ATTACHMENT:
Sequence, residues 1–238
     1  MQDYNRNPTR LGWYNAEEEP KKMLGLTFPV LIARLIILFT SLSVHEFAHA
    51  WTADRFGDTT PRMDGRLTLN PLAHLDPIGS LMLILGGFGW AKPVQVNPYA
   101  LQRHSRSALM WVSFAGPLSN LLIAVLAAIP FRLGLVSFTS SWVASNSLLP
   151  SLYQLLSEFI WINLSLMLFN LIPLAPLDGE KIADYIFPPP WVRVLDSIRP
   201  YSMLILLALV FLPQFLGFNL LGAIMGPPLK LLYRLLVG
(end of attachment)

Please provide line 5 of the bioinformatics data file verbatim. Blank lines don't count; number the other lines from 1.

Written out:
   151  SLYQLLSEFI WINLSLMLFN LIPLAPLDGE KIADYIFPPP WVRVLDSIRP